The service allows users to scan a QR code printed on the umbrellas and borrow them for an unlimited number of times throughout any given day for just 70 yen. The total cost is capped at 420 yen per month, so essentially the umbrellas can be used any number of times very cheaply. There is a strong cashless incentive here as well, since the startup is associated with LINE Pay. To promote the use of the service, LINE Pay ran a special offer in Fukuoka City for a limited period in May 2019, giving users the chance to rent umbrellas for 1 JPY per day if they paid with LINE Pay.
What’s next for convenience stores in Japan?
Despite the progress that has been made, it’s clear that convenience stores still have some way to go in order to meet their business and corporate social responsibility targets—as well as keeping their customers happy. It’s worth keeping an eye on how the major Japanese retailers balance the very real issue of labour shortages with the rise of cutting-edge technology. What impact will this have on Japanese society as a whole?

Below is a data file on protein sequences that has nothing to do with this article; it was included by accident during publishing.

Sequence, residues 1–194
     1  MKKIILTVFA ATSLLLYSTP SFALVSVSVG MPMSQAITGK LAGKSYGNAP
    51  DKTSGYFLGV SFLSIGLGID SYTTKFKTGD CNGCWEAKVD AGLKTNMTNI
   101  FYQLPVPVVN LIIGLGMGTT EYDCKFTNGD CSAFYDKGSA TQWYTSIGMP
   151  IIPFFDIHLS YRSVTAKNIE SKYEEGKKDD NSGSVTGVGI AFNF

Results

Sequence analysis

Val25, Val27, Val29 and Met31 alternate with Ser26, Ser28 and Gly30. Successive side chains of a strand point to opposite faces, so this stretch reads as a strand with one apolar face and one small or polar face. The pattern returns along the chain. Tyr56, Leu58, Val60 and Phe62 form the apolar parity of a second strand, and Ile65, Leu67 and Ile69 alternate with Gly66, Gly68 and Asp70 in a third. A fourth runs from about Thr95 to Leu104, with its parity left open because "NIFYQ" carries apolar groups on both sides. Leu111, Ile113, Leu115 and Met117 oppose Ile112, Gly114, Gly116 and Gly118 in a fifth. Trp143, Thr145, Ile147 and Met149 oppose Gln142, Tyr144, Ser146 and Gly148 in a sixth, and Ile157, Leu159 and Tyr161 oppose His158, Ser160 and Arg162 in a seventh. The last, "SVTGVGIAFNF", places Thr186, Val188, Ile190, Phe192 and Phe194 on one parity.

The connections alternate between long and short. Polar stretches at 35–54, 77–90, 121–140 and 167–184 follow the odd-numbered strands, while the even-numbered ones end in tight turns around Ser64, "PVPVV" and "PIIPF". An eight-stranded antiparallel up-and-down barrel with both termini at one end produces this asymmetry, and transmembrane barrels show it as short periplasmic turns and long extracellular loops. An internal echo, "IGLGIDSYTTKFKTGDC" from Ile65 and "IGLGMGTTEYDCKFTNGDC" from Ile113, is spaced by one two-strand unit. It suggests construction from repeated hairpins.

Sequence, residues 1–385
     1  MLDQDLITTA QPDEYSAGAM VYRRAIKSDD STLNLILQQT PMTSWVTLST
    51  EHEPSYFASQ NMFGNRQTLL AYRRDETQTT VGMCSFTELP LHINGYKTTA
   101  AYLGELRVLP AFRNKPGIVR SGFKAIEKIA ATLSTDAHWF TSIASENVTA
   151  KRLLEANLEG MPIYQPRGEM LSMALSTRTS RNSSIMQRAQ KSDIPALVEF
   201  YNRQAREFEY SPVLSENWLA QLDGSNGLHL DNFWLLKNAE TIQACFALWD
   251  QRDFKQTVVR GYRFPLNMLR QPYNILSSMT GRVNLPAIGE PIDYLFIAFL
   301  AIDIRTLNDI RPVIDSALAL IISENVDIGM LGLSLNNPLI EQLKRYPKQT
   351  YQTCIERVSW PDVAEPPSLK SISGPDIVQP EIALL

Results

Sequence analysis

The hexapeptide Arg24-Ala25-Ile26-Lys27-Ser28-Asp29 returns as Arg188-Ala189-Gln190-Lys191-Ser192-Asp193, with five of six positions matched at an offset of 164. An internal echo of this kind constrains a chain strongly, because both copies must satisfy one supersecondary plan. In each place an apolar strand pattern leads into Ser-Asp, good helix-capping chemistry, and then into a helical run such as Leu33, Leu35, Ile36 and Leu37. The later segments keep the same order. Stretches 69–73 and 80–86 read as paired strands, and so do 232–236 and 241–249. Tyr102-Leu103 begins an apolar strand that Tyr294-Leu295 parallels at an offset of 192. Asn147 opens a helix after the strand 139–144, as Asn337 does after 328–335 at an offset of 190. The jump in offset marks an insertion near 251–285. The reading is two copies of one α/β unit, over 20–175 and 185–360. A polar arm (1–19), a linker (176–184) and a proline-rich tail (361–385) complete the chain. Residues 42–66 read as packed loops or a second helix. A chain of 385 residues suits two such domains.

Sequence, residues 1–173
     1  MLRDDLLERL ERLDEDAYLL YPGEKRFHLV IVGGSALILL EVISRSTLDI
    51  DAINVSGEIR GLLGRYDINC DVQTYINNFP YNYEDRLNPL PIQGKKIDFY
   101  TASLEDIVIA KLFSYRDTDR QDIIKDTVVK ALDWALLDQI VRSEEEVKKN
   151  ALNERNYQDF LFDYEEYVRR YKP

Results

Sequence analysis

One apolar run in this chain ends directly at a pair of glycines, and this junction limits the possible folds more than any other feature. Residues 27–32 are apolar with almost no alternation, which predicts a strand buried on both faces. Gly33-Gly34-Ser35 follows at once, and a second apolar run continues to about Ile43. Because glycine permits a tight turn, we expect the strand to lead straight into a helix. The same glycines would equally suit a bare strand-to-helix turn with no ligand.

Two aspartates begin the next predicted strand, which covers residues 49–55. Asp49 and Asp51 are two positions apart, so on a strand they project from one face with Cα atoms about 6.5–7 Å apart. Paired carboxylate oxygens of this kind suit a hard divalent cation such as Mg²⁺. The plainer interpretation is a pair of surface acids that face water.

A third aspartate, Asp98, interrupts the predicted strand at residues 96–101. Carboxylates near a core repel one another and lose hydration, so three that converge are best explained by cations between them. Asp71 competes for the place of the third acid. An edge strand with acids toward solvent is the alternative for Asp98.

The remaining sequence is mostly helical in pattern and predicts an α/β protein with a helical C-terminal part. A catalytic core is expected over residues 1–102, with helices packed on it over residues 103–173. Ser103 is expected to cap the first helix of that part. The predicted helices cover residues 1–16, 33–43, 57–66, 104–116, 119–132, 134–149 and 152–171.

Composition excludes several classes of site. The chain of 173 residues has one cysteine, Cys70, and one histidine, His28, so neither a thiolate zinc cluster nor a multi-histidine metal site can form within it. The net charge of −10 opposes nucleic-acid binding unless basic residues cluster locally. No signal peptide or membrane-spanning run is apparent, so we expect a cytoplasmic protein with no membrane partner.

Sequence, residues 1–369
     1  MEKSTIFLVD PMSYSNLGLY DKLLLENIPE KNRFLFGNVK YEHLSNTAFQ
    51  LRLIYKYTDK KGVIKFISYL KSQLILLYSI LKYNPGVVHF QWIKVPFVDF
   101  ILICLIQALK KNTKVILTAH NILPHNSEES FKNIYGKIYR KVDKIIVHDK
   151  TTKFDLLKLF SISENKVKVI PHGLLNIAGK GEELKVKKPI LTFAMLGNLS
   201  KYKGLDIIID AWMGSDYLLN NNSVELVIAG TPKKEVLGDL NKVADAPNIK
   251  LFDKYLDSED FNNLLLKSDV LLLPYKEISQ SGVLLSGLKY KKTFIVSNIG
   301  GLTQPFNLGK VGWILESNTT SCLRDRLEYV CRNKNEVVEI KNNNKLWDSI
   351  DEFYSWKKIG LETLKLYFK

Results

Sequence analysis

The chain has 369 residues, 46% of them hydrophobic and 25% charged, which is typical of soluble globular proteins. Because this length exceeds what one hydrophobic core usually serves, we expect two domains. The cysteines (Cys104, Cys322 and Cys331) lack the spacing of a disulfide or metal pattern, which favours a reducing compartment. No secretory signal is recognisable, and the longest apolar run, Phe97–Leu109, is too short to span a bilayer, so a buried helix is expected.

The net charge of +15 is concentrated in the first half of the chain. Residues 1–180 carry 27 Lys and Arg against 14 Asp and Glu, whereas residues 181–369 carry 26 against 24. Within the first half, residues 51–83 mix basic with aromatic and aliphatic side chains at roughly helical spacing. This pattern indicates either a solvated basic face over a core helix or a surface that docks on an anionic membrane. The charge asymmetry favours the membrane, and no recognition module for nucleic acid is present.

With convenience stores in Japan having such a significant presence, it’s unlikely that they’ll go down without a fight. We’re sure they’ll always be thinking of fresh solutions to entice customers into coming back for more.
It stands to reason that payment and checkout solutions are at the forefront of convenience store brand’s minds, with that being significant in terms of automation. This is, however, representative of just one sector of the broader retail landscape in Japan. There’s so much more to consider here, such as what the key e-commerce giants like Mercari, Rakuten and Amazon are doing to lure consumers into making more online purchases.
We talk about cashless trends in Japan in this article. For more information, take a look at our analysis of the Japanese electronic payments industry here.